Browsing named entities in George Bancroft, History of the United States from the Discovery of the American Continent, Vol. 5, 13th edition.. You can also browse the collection for Wilkes or search for Wilkes in all documents.

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y the people, became a general joke, Walpole to Mann, 30 April, 1763. and was laughed at as a three-headed monster, Wilkes to Lord Temple, in Grenville Papers. quieted by being gorged with patronage and office. The business of the session was ing vauntingly arrogated merit for the peace which Frederic of Prussia had concluded, after being left alone by England. Wilkes, a man who shared the social licentiousness of his day, in the forty-fifth number of a periodical paper called the North Mahon's History of England, IV. pronounces unworthy of notice, but which all parties at that day branded as a libel. Wilkes was arrested; but on the doubtful plea that his privilege as a member of parliament had been violated, he was set at libeantage of being defenders of the constitution on a question affecting a vital principle of personal freedom. The cry for Wilkes and Liberty was heard in all parts of the British dominion. Hutchinson's History of the Province of Massachusetts Bay,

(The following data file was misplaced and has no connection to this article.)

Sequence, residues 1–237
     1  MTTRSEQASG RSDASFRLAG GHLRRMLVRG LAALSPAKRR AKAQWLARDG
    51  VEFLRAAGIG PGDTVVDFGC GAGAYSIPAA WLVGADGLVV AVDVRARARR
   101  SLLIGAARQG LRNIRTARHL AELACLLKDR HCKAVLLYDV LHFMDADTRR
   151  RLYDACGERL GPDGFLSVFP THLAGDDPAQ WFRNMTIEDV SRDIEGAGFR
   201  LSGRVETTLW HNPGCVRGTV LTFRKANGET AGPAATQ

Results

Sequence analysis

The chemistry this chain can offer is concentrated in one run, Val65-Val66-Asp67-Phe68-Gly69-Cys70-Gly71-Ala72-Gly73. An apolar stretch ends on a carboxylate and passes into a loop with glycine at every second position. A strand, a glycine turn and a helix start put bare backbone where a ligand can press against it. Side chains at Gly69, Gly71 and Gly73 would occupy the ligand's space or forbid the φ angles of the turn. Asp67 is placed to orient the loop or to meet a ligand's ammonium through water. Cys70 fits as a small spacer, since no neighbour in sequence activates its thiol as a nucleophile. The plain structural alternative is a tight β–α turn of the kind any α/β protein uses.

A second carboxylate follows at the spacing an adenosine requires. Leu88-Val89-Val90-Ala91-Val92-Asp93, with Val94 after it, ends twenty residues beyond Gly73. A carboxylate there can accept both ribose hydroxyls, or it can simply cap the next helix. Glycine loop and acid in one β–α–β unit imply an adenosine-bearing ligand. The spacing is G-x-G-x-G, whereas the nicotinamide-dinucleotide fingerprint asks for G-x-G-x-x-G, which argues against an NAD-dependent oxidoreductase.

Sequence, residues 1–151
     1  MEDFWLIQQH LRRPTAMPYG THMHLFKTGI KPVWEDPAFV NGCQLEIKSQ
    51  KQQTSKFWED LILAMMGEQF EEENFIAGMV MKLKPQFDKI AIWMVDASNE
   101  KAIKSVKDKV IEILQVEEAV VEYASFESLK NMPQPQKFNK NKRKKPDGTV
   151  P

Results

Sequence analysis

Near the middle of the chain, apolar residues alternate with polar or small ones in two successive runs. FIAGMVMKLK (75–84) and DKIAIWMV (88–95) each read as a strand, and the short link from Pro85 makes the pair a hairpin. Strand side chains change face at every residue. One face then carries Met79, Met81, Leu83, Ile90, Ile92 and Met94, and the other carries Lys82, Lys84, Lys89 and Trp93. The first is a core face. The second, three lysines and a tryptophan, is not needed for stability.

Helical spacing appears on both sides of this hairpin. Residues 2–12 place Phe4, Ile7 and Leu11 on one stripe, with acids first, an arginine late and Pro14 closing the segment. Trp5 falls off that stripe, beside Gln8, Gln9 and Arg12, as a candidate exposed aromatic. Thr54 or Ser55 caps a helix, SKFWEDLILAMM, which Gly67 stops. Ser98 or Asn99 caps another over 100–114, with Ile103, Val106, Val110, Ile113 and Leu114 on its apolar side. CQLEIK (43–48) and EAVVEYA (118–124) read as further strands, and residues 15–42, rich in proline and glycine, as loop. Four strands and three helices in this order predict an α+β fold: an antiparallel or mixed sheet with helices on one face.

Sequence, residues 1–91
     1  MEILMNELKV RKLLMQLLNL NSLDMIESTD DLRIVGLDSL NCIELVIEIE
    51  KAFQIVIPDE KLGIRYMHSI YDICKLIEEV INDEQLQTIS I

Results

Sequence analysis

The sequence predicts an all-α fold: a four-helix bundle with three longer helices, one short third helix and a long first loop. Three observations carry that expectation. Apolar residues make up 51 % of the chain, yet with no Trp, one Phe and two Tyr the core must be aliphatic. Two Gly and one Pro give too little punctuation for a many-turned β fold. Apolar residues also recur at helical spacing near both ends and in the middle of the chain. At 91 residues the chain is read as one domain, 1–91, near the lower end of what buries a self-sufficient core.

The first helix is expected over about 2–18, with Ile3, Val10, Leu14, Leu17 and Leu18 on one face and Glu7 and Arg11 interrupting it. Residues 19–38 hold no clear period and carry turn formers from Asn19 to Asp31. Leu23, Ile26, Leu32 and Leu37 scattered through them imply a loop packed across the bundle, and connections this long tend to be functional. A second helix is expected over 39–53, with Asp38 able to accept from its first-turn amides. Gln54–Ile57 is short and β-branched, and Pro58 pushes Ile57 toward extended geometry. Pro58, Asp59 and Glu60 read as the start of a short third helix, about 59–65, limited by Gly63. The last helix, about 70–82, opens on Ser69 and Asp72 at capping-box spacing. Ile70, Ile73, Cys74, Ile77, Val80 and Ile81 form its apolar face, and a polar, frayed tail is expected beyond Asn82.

Ellis, put into Bute's hands a plan for reducing America. He also renewed the proposition which he had made chap. VIII.} 1763. July. eight years before to Halifax, for gaining an imperial revenue by issuing exchequer bills for the general use of America. But before the bill for the American tax was ordered to be prepared, Egremont was no longer Secretary of State, nor Shelburne at the head of the Board of Trade. The triumvirate ministry, the three Horatii, the ministerial Cerberus, Wilkes to Temple, 26 July. Grenville Papers, II. 81. as they were called, al- chap. VIII.} 1763. Aug. though too fond of office to perceive their own weakness, had neither popularity, nor weight in parliament, nor the favor of the court. To strengthen his government, the king, conforming to the views sketched by Bute in the previous April, Bute to Bedford, 2 April, 1763: I once gone, it will be very hard for me to believe that the Duke of Newcastle will, with Lord Hardwicke, &c. continue a vi
renville Papers, II. 149, 218, 239. Chatham Correspondence, II. 261. So when parliament assembled, Yorke was with the court in principle, and yet a leader of the opposition. On the first night of the session there were two divisions relating to Wilkes, and on both the ministers had a majority of nearly three to one. In the debate on the king's speech and the address, Pitt spoke with great ability; Barrington to Mitchell, quoted in Chat. Corr. II. 262. Grenville, in answer- chap. IX.} . He was narrow-minded and obstinate; but it was no part of his intention to introduce despotic government into the New World. For a moment the existence of the ministry itself was endangered. All parties joined in condemning the writings of Wilkes; and even the extreme measure of his expulsion from his seat in parliament, was carried with only one dissentient vote. Grenville Papers, II. 258. The opposition, with great address, proceeded to an abstract question Feb. on the legality of g